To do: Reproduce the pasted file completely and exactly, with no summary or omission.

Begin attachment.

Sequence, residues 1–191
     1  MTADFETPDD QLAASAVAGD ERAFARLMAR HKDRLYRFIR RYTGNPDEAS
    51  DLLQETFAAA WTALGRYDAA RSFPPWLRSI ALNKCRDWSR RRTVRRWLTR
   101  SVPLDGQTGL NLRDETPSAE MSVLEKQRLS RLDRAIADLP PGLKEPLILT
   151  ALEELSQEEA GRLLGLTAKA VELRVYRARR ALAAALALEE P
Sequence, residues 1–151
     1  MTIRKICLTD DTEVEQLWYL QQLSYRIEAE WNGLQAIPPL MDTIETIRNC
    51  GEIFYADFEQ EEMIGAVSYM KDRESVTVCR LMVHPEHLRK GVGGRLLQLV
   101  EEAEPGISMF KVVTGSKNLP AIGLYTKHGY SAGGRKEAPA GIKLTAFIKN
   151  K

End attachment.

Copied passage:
Sequence, residues 1–191
     1  MTADFETPDD QLAASAVAGD ERAFARLMAR HKDRLYRFIR RYTGNPDEAS
    51  DLLQETFAAA WTALGRYDAA RSFPPWLRSI ALNKCRDWSR RRTVRRWLTR
   101  SVPLDGQTGL NLRDETPSAE MSVLEKQRLS RLDRAIADLP PGLKEPLILT
   151  ALEELSQEEA GRLLGLTAKA VELRVYRARR ALAAALALEE P
Sequence, residues 1–151
     1  MTIRKICLTD DTEVEQLWYL QQLSYRIEAE WNGLQAIPPL MDTIETIRNC
    51  GEIFYADFEQ EEMIGAVSYM KDRESVTVCR LMVHPEHLRK GVGGRLLQLV
   101  EEAEPGISMF KVVTGSKNLP AIGLYTKHGY SAGGRKEAPA GIKLTAFIKN
   151  K